The key question here is if you have a working PE of some kind and you are familiar with it in order to do the editing of the migrate.inf.

Booting a grub4dos (from say a USB stick) and simply hiding the first partition (second in your case) before installing the XP 64 is far easier.

The only issue with this approach might be if the second partition (third in your case) is not a primary one but a volume inside extended.

For the grub4dos way I need to know more things I'd need to ask, specially for the menu.lst file, commands like norootverify, makeactive, etc

Well, as a matter of fact what most people fail to realize is that a menu.lst is correspondent to a batch file, i.e. it is a way to repeat a set of commands at will, in this case you need not a menu.lst, you simply want to run a few grub4dos commands on the command line.

Think at grub4dos like you would think at DOS: it is a (minimal) Operating System with a set of commands available.

Think at menu.lst like you would think at DOS' Autoexec.bat and Config.sys, a set of commands (and choices) that will execute when booting the OS.

The grub4dos guide by diddy:

http://diddy.boot-land.net/grub4dos/Grub4dos.htm

details enough most of the basic usage of the tool (though since the time it was written a number of new features were added to grub4dos).

You need to read just these pages:

http://diddy.boot-land.net/grub4dos/files/basics.htm

http://diddy.boot-land.net/grub4dos/files/cli.htm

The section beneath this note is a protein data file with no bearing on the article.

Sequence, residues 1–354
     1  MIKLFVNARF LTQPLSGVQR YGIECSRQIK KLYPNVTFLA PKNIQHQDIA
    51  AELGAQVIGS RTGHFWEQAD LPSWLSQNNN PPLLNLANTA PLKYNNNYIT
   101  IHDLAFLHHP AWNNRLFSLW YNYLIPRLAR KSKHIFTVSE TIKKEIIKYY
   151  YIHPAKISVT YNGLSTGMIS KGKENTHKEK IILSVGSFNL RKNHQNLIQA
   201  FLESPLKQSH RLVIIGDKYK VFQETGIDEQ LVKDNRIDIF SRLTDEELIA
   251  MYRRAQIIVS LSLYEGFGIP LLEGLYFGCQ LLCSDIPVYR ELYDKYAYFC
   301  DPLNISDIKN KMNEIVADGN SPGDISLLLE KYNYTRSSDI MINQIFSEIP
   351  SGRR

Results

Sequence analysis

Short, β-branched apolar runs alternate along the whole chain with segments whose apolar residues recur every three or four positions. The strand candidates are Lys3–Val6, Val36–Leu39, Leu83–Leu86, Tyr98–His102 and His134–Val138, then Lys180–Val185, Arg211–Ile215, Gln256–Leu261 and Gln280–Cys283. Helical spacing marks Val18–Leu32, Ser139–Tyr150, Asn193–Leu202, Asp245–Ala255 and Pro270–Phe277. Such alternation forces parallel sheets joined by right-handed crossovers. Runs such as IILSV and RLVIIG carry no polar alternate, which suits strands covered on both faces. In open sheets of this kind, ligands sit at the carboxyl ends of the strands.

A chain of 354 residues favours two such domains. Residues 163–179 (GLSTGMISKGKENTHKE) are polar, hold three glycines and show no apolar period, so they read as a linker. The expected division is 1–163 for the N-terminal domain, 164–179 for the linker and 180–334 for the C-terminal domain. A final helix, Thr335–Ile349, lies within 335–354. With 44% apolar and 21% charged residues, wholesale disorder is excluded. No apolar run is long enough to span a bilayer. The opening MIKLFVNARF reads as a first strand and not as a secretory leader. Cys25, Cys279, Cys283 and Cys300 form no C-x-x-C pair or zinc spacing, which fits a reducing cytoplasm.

and something about disk swapping:

http://diddy.boot-land.net/grub4dos/files/map.htm#swap

and learn about three commands:

http://diddy.boot-land.net/grub4dos/files/commands.htm#hide

http://diddy.boot-land.net/grub4dos/files/commands.htm#unhide

http://diddy.boot-land.net/grub4dos/files/commands.htm#makeactive

I'll do what you suggest me to.

Thanks for help.

You are welcome.

If I were you I would boot from a USB stick with grub4dos on it (an easy way to create one is using RMPREPUSB: http://www.rmprepusb.com/ ), then issue these commands:

map (hd0) (hd1)

map (hd1) (hd0)

map --hook

root (hd0, 1)

ls

first three lines "restore" the disk order as if you hadn't booted from USB, the ls should show the contents of your current XP 32 partitions, it is just a check to make sure that device/partition numbers are correct.

Then:

root (hd0,2)

ls

this should list the contents of the partition on which you are going to install the XP 64.

You should (from the XP 32) delete the contents of this partition and make on it a "tag file", deleting the contents is needed because otherwise the XP install will probably use the current "wrong" drive letters from the XP 64 Registry and making on it a file like "thisis_64_bit_part.txt" is just a way to make sure that partition is the "right" one.

Then:

makeactive (hd0,2)

hide (hd0,1)

i.e. make active the third partition and hide the second one.

Then reboot and install the XP 64 "normally".

Once done that simply unhide the second partition, either booting to grub4dos and:

map (hd0) (hd1)

map (hd1) (hd0)

map --hook

unhide (hd0,1)

or by using *any* Windows tool oriented to managing partition tables/MBR, the mentioned PTEDIT32 would do, but also any disk editor will do as well or any other tool you are more familiar with.

When you reboot you will still have the XP64 only actually booting, this time the XP32 partition (since it is non-hidden) will get a drive letter, up to you if you want to change it or remove it alltogether in Disk Management.